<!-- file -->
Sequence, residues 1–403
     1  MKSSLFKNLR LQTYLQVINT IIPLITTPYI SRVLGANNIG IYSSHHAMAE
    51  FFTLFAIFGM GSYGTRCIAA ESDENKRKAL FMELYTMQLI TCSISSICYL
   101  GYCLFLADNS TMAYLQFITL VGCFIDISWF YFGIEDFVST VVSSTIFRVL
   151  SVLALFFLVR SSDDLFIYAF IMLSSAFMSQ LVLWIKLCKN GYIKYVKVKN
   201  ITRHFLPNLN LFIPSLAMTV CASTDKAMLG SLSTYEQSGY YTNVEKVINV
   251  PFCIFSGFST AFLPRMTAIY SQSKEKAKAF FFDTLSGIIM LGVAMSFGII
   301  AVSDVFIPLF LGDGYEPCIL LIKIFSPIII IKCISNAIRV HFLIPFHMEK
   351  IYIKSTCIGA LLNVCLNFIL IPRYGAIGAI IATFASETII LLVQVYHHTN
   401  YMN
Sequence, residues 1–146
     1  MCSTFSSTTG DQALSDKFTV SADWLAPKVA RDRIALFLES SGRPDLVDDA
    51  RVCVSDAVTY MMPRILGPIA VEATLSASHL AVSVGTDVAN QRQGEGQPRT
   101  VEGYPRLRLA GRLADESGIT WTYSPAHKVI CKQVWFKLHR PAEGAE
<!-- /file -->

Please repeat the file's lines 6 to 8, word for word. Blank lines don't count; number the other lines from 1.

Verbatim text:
   201  ITRHFLPNLN LFIPSLAMTV CASTDKAMLG SLSTYEQSGY YTNVEKVINV
   251  PFCIFSGFST AFLPRMTAIY SQSKEKAKAF FFDTLSGIIM LGVAMSFGII
   301  AVSDVFIPLF LGDGYEPCIL LIKIFSPIII IKCISNAIRV HFLIPFHMEK